Safe, happy parking

As new students attending Weber State University, seemingly one of the most prudent investments that can be made this year, aside from textbooks and school supplies, is a parking permit.

The permits vary in price, some allowing students to park all over campus, while others limit them to specific lots or roadways. A complete list of the permits and their respective prices and availability can be found on the WSU website.

Trying to park on or near campus without a permit can be something of a nightmare, according to many veteran students. Parking spots directly on campus are limited, and students need to get to school early to ensure a spot. Even for those fortunate enough to find one, without a permit, they run a high risk of getting a ticket.

While the tickets are relatively inexpensive, running about $15 on average, they can pile up quickly if a student is careless. Getting too many tickets without paying can result in a boot on students’ cars or holds on their accounts, restricting them from registering for future classes and applying for graduation.

According to Crystal Taylor, the Parking Services manager, lots and roadways are enforced from 7 a.m. to 4 p.m., Monday through Friday. This means that students taking night classes or Saturday classes won’t need to worry about permits. However, lots fill up quickly around 5 p.m. for classes, so Taylor advised that students get there early if they don’t want to hike to class.

With campus parking in short supply, students unable to find a spot can head up to the Dee Events Center, where a shuttle will take them back down to campus. The shuttle runs from 6:30 a.m. to 8:30 p.m. The parking at WSU requires a ‘W’ permit, which is one of the cheaper permits. There’s also ample parking at the center.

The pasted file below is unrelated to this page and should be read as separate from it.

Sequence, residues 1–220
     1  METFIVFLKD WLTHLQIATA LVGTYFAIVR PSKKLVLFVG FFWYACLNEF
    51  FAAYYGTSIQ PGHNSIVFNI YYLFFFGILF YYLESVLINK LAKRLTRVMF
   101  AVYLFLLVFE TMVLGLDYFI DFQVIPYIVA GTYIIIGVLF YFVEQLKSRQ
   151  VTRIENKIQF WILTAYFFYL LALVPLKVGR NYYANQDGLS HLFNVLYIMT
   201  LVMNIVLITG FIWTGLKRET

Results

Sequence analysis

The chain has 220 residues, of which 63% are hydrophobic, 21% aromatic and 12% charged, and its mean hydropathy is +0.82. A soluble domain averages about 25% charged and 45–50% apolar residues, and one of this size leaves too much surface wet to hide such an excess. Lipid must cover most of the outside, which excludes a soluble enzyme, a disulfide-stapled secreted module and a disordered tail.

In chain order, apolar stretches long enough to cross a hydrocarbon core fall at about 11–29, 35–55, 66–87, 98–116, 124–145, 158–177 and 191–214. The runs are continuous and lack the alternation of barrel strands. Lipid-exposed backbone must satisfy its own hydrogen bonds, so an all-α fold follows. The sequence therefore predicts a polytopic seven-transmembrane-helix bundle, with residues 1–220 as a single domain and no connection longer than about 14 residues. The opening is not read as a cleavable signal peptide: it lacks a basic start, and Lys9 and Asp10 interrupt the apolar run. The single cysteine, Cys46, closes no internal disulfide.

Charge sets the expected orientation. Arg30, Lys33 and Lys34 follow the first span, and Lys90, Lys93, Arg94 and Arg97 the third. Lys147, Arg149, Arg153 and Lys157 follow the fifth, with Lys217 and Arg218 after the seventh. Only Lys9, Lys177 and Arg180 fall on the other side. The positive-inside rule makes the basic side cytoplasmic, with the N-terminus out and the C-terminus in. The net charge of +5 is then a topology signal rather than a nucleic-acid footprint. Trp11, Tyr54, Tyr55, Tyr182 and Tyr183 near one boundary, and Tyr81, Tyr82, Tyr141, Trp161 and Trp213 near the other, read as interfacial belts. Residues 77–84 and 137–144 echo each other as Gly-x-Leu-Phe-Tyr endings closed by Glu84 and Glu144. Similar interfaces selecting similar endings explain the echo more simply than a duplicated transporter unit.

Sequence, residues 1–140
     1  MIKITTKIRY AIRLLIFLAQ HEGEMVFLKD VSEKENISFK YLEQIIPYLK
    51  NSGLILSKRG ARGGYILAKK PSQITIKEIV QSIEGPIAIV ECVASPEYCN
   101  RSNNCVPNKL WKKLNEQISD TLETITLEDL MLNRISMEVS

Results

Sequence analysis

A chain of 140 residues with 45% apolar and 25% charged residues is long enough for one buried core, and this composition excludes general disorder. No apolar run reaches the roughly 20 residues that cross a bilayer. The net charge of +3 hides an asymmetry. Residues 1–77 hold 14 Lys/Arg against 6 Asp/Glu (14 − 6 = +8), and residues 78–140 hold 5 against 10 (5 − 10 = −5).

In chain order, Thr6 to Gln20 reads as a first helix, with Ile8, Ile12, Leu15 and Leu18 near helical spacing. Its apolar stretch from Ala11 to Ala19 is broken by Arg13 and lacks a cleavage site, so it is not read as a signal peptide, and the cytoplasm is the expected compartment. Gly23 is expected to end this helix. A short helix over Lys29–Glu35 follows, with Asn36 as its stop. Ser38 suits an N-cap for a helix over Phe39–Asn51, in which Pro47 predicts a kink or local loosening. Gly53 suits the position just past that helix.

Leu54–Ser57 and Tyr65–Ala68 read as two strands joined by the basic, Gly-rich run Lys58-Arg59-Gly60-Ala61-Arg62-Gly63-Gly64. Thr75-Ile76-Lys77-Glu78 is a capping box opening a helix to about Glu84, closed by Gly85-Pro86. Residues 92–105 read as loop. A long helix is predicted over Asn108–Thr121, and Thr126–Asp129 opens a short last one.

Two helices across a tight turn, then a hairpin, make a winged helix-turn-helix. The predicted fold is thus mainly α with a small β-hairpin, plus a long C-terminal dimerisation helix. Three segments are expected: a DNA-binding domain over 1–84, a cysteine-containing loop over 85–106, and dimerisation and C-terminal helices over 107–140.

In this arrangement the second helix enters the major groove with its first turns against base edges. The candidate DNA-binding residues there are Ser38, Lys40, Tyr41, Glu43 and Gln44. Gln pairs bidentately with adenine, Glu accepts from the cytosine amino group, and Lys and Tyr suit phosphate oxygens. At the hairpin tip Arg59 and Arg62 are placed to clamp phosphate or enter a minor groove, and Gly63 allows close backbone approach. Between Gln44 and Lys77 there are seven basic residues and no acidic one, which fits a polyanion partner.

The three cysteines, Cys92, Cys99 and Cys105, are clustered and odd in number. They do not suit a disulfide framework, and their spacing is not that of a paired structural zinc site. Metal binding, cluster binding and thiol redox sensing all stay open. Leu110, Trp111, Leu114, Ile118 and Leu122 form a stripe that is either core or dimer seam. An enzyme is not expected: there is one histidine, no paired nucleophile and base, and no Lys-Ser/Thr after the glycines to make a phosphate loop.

For students unable or unwilling to ante up the extra cash for a permit, though, there are a couple of options available. A few of the businesses around WSU are lenient with students who park in their lots, as long as they don’t stay long and it’s not during busy hours. Johnny Morris, who owns Ville Bella, a sandwich shop across the street from WSU, is one of these people.

“Students will come at like 7 in the morning and stay for about an hour,” Morris said. “If they stay too long or make a habit of it, I’ll leave a note on their windshield asking them not to come back.”

Morris and the business that shares his lot, Baskin-Robbins, are two of the more patient establishments, but most businesses have signs threatening to have nonpatrons’ cars towed away. Living Scriptures, located next door to Ville Bella, is one of these businesses, and they’re not afraid of delivering on their threat.

Another option, and probably the most economical one, is to ride public transportation. UTA buses and the FrontRunner are included in a student’s UTA Ed Pass, which students receive when they enroll. Buses run to and from WSU frequently, meaning no matter when a class starts, there’s likely to be one that accommodates the student.